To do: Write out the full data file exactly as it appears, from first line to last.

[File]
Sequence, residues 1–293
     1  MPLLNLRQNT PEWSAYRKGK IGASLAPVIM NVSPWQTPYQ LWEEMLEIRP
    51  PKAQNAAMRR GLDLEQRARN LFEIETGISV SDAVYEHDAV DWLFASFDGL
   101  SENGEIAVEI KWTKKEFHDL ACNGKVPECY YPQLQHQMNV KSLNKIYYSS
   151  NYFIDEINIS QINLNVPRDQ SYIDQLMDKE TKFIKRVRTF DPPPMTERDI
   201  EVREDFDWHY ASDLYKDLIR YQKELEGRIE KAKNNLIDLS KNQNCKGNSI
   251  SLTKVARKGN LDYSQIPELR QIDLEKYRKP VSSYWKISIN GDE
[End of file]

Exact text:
Sequence, residues 1–293
     1  MPLLNLRQNT PEWSAYRKGK IGASLAPVIM NVSPWQTPYQ LWEEMLEIRP
    51  PKAQNAAMRR GLDLEQRARN LFEIETGISV SDAVYEHDAV DWLFASFDGL
   101  SENGEIAVEI KWTKKEFHDL ACNGKVPECY YPQLQHQMNV KSLNKIYYSS
   151  NYFIDEINIS QINLNVPRDQ SYIDQLMDKE TKFIKRVRTF DPPPMTERDI
   201  EVREDFDWHY ASDLYKDLIR YQKELEGRIE KAKNNLIDLS KNQNCKGNSI
   251  SLTKVARKGN LDYSQIPELR QIDLEKYRKP VSSYWKISIN GDE